Gravity Hotel

ARTS, Theatre & Performing Arts

Direction and music by Sally Stockwell
Basement Theatre, Auckland | May 28-June 1

I go into way too many shows knowing what I’m in for. I check out the cast and crew, what they’ve done before; I check out any previous reviews a show has received; and I try to make myself as informed an audience member as I can be. I decided to go in the opposite direction with Gravity Hotel, staying as blind to what the show was about as I could, and was pleasantly surprised.

I can’t really offer a great description of Gravity Hotel, even after seeing it. It’s described as “a self styled anti-musical that brings together physical theatre, imagery and music in an intriguing cabaret-like ride,” which seems accurate enough. The plot follows a drenched girl (Julia Croft) who comes to a hotel with only her suitcase, and the three helpers there (Renee Lyons, Lisa Greenfield, Kate Bartlett) try to get her to settle in, by force if necessary. A sorceress-type creature (Sally Stockwell) presides over the activity, and is a dark, foreboding presence throughout. Music carries the plot, and is as evocative as the set, which is defined by wood planks on the ground, some movable frames, and a door on wheels.

My description isn’t quite adequate to actually convey what it’s like to sit in the audience, but it’s a genuinely delightful experience. The music, composed and largely sung by Sally Stockwell, is dark yet gorgeous and relentlessly catchy. It sits somewhere between pop and cabaret. Sung by Stockwell’s own incredibly powerful and versatile voice, it’s the play’s best asset. If it was available on CD, I would buy it pretty much in an instant. The lead character, as played by Julia Croft, doesn’t have lots of dialogue, so the music is our gateway into this world, and it’s a powerful one at that. It evokes the world of Gravity Hotel as one that sucks you in and seduces you into it. It’s through the music more than anything else that I get a clue as to what Gravity Hotel might be about.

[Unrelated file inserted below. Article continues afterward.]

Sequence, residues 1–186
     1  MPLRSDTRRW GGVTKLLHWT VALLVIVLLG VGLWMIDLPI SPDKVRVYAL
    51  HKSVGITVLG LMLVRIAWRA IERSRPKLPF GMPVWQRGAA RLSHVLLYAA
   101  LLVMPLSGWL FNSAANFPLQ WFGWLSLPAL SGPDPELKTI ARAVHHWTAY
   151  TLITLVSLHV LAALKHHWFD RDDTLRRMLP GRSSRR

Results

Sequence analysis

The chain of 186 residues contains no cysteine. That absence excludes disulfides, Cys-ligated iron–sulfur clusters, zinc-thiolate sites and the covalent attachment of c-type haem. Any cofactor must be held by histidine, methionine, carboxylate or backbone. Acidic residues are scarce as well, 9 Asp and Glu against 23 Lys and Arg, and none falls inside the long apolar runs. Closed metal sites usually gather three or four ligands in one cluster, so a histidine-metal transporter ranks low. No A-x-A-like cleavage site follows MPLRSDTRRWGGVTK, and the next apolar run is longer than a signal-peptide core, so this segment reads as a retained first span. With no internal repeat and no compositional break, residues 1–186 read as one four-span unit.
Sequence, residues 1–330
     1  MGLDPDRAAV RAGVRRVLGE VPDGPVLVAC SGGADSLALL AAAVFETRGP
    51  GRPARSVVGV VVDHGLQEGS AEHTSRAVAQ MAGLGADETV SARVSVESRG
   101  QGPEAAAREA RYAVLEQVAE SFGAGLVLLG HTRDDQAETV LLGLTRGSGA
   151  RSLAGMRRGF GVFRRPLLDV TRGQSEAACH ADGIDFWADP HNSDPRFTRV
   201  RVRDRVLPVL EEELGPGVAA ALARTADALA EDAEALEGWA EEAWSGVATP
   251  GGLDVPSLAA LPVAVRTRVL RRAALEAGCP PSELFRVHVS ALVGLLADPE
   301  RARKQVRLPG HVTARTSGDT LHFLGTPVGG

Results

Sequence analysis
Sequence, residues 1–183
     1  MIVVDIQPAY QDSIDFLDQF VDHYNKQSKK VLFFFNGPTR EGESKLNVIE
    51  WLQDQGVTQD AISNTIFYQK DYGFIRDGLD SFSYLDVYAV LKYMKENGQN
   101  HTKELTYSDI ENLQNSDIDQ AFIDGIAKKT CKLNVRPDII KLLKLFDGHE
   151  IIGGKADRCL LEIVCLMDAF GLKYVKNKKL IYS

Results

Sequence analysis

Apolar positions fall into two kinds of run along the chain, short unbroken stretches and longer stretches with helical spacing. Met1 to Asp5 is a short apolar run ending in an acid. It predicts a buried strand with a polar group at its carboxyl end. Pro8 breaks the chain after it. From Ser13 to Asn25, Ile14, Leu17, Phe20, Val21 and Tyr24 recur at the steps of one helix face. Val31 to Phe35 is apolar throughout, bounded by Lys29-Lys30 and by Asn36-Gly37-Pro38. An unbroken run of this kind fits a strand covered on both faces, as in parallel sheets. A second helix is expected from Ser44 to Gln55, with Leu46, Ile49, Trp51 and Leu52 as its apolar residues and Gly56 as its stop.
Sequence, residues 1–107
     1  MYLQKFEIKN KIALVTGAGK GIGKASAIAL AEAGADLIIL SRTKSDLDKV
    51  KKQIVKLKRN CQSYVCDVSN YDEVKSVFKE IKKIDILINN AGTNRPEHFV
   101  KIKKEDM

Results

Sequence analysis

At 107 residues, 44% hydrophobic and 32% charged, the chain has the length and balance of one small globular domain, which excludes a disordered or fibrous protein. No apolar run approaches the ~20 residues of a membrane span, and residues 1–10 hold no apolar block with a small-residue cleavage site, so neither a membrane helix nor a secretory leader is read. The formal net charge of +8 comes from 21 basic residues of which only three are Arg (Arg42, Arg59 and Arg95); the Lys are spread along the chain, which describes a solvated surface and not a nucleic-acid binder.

The cast is impressive and work together well. Julia Croft is an appealing lead, even if she is overshadowed by the charisma and scene-stealing presence of what I’d describe as a chorus: Renee Lyons, Lisa Greenfield, and Kate Bartlett. All three have moments where they describe their own character’s massive regret in life, and it’s these moments where the play gets away from the darkly abstract into something human and palpable. Out of these three, Lyons (who was equally a standout in The Laramie Project, Cloud Nine and her own play Nick last year—definitely an actress I admire) is the most impressive, getting many of the biggest laughs from the audience.

Stockwell, also serving as the director of the play, is the star of the show. The most powerful image, about a third of the way into the play, is thanks to her commanding presence, but her voice is flat-out incredible. It serves her own music well, as you might expect, but it carries the play offstage and right into the audience: it engages us from the get-go and keeps us onstage. Even as she spends most of the play with her back to us in an elaborate, gorgeous dress that wouldn’t be out of place at a Bjork concert, she draws our attention and keeps us watching.

The musicians in the show, Robin Kelly on keyboard and Jonathan Burgess on double bass, serve the show just as well as Stockwell and the soundscape of the play is just as rich as the imagery, provided by Sam Mence and Amber Molloy. Without Molloy’s delicate lighting, some of the more subtle images in the show would’ve been lost on the audience, but she keeps them vivid and alive onstage. Mence’s sound design also makes some of the more shocking moments in the play visceral and palpably felt.

It took me a while to interpret what Gravity Hotel is about—or what it was about for me, at any rate. It seems to be evoking an emotional state, of not being able to forgive yourself for what you’ve done, and the people who are trapped there are being seduced by their own grief and regret. I could be way off, but I’m not too fussed. I had lots of fun at Gravity Hotel and I hope the show gets a long life with an audience as delighted as the one last night was.